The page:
May 1, 2012

Offers On The Illegally Gutted House At 33 Fountain Overflow

As we reported at the end of March after which a number of plugged-in readers chimed in:

Having sold for $675,000 a year ago, and with a permit to simply remodel the kitchen and bathrooms in-kind pulled since, the single-family home at 33 Fountain was gutted instead.
And while there might be plans to expand and double to size of the home, and it’s listed on the MLS [for $999,900] with the four bedrooms and baths that don’t yet exist, keep in mind said plans and pictured new framing haven’t been submitted to Planning, much less approved.

A few hours later, an anonymous complaint was filed with the Department of Building Inspection ("Beyond Scope of work. Entire building gutted."). And yesterday, the sale of 33 Fountain closed escrow with a reported contract price of $1,355,000.

Buyer (And DBI) Beware [SocketSite]

First Published: May 1, 2012 7:00 AM

Comments from "Plugged In" Readers

God this market is endlessly entertaining.

Posted by: diemos at May 1, 2012 7:16 AM

Are we on a tour of San Francisco's most lackluster structures?

Posted by: Joshua at May 1, 2012 7:41 AM

Reflecting on the extensive early April posts, I would love for someone with more knowledge about the legal and financial ins and outs to share thoughts about how much the LLC who bought at $675k stands to make here. From my perspective, this outright circumvention of the rules and regs that others in the city and neighborhood play by should be handled very harshly by the DBI (or any other agencies with the ability to enforce codes and prevent this sort of flagrant abuse) and they should claw back as much profit as legally allowed.

I would hate to think that spec contractors (especially those from out of town with no ties or seeming regard for the local community) see this sort of outcome and conclude: "Recipe for making money in Noe: buy a fixer, gut it without permits, throw up a framing studs, sell at 100% profit even after paying the measly DBI penalties."

With full credit to South Park, could this be discovery of the fabled Phase 2?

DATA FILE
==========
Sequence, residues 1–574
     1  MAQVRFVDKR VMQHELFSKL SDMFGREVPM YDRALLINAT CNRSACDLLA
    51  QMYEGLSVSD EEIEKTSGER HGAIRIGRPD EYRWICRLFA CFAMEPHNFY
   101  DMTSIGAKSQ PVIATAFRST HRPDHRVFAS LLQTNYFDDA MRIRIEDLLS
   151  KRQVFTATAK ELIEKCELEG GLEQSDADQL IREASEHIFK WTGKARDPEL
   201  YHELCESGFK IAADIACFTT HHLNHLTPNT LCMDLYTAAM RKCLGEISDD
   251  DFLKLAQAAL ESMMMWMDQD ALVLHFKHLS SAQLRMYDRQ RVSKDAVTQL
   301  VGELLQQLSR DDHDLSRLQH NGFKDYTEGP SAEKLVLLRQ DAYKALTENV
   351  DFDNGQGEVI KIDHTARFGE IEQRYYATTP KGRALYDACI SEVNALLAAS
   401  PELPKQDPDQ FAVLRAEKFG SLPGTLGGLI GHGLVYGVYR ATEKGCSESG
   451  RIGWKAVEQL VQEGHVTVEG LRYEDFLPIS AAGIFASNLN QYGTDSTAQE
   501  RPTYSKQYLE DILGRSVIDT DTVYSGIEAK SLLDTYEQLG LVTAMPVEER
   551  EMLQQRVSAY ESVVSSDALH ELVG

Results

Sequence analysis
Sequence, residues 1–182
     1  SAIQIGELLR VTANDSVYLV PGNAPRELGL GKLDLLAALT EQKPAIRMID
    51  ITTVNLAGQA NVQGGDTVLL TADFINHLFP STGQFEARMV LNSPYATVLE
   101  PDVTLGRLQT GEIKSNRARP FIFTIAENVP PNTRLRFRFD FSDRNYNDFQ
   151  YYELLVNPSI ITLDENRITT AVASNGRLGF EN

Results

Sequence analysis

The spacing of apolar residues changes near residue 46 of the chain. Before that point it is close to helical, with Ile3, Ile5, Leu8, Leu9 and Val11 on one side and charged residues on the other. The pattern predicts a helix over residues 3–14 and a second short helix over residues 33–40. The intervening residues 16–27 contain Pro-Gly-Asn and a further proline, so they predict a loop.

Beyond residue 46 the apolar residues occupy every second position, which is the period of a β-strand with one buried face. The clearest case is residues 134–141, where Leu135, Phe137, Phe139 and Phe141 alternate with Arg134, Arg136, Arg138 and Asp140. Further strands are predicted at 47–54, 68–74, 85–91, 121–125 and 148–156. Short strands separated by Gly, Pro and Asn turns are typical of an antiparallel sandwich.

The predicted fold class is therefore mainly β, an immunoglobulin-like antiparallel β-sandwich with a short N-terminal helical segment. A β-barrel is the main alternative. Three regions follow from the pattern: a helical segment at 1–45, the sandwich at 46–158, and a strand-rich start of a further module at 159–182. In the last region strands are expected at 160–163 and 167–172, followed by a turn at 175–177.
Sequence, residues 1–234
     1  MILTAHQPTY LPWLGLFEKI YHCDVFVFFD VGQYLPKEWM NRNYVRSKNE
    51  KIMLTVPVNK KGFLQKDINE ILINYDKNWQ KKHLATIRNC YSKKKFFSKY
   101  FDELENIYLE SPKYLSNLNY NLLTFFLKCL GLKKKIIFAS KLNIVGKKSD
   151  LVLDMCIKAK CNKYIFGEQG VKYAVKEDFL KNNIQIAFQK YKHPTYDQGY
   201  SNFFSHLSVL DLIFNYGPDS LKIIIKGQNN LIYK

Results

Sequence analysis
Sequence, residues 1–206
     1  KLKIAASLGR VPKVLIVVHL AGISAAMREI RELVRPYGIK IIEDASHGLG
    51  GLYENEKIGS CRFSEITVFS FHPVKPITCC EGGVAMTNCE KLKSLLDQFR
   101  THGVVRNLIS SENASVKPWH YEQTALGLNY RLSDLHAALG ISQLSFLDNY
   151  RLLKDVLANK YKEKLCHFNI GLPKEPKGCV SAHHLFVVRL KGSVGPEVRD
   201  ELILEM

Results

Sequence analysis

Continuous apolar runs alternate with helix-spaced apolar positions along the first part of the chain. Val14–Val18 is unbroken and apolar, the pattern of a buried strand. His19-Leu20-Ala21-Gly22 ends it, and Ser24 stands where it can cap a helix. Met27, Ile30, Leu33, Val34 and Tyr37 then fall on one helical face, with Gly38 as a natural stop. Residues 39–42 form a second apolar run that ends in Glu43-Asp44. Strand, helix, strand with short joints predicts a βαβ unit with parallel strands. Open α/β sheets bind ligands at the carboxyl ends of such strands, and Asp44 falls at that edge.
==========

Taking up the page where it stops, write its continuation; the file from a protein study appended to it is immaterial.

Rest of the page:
Phase 1: Collect Underpants
Phase 3: Profits

Posted by: no_ vally at May 1, 2012 8:45 AM

The owner of a property should be able to do whatever he wants with it as long as he's not hurting someone else. This outrage at a property owner perceived to be getting away with something is unseemly. Go out and live your life and don't stew in your own bile worrying that someone, somewhere, is getting ahead.

Posted by: unwarrantedinlaw at May 1, 2012 8:52 AM

"gut it without permits", that didn't happen. They had some permits. Not as many as they should have, so a penantly was charged.
I don't think this outcome is going to start a business model of buy-gut-sell like you describe.

Posted by: sparky-b at May 1, 2012 8:58 AM

$1.355 for an ugly, half built shell? The silly days are here again.

Posted by: rabbits at May 1, 2012 9:02 AM

Hmm - I'm tempted to draft some plans for my own house and then gut it. That's a crazy sale price and I'll definitely be interested to see what this becomes, and ultimately what it sells for once complete.

Posted by: DCR at May 1, 2012 9:07 AM

Does this mean you will be taking a sabbatical sparky?

Posted by: NoeValleyJim at May 1, 2012 9:08 AM

""gut it without permits", that didn't happen. They had some permits. Not as many as they should have, so a penantly was charged."

Yes it did. They only had a permit to remodel the kitchen and bathrooms in kind, not to gut the house, frame the attic or move any walls!

Posted by: CH at May 1, 2012 9:11 AM

Neverminde the seemliness (or un), this price seems absolutely crazy. Over 800/square foot for a shell? Really?

Posted by: curmudgeon at May 1, 2012 9:12 AM

This scenario is why I think that fixer foreclosure that Wells Fargo owns on Church Street is going to go for asking or more.

Posted by: Brahma (incensed renter) at May 1, 2012 9:26 AM

"Does this mean you will be taking a sabbatical sparky?"

I have never sold a gutted house, so what would I be taking a sabatical from?

CH,
What do you think kitchens and baths look like on week 2 of a job? They look just like the photos. The attic had stairs up to it, 3 bedrooms and a bathroom before work started. They didn't frame out an attic that wasn't already living space. They took the middle bedroom and reframed it into 2 bathrooms. They didn't have a permit for to do that so there was a fine. The city is clear on their fines. Work without permit is 9x fees, work over the scope of permits is 2x fees. Work over the scope happened here.

Posted by: sparky-b at May 1, 2012 9:26 AM

curmudeon,

I agree this sale price is totally crazy.

Posted by: sparky-b at May 1, 2012 9:30 AM

Arms-length sale?

Posted by: EH at May 1, 2012 9:32 AM

The DBI penalty isn't that much in this case. 9 times the permit fee for demo work is only ~$20,000. If taking down all the walls helps show a buyer what the potential is, then it's definitely worth it. To do it all legally they'd require new remodeling plans and Planning Department fees, which is a huge headache.